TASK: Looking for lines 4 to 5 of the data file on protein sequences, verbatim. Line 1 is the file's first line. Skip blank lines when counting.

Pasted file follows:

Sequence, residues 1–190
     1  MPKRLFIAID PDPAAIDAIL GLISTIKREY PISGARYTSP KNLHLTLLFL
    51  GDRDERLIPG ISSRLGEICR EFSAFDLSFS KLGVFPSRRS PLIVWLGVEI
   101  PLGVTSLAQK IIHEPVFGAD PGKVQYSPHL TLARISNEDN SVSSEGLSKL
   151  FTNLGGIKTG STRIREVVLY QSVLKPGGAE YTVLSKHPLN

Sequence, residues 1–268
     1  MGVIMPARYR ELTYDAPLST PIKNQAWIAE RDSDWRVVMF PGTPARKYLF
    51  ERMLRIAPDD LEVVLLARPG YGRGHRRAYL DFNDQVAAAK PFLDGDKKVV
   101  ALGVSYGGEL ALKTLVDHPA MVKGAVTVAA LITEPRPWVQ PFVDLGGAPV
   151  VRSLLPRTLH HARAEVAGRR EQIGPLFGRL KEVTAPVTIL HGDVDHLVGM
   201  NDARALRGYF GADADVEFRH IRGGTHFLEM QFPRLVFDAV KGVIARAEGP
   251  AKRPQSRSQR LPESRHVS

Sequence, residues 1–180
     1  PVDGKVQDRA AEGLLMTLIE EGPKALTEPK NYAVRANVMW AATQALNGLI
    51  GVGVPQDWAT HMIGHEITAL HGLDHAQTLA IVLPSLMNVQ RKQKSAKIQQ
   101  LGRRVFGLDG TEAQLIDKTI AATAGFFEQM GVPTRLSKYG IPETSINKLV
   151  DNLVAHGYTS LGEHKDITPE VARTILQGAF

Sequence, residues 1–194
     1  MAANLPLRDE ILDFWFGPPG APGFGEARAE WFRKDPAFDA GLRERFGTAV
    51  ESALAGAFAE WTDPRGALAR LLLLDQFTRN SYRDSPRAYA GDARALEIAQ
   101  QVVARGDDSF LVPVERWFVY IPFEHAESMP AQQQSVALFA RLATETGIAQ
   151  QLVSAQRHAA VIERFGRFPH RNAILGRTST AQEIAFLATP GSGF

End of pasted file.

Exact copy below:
   101  PLGVTSLAQK IIHEPVFGAD PGKVQYSPHL TLARISNEDN SVSSEGLSKL
   151  FTNLGGIKTG STRIREVVLY QSVLKPGGAE YTVLSKHPLN